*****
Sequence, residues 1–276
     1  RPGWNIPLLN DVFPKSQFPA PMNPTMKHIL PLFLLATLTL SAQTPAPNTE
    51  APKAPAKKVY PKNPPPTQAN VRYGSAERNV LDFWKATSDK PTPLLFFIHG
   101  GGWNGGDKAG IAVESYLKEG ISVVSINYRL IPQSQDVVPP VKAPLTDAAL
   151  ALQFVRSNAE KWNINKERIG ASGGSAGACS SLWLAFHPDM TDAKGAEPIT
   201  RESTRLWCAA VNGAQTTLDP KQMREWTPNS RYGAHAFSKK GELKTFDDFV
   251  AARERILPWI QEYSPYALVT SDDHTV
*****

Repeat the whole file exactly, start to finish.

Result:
Sequence, residues 1–276
     1  RPGWNIPLLN DVFPKSQFPA PMNPTMKHIL PLFLLATLTL SAQTPAPNTE
    51  APKAPAKKVY PKNPPPTQAN VRYGSAERNV LDFWKATSDK PTPLLFFIHG
   101  GGWNGGDKAG IAVESYLKEG ISVVSINYRL IPQSQDVVPP VKAPLTDAAL
   151  ALQFVRSNAE KWNINKERIG ASGGSAGACS SLWLAFHPDM TDAKGAEPIT
   201  RESTRLWCAA VNGAQTTLDP KQMREWTPNS RYGAHAFSKK GELKTFDDFV
   251  AARERILPWI QEYSPYALVT SDDHTV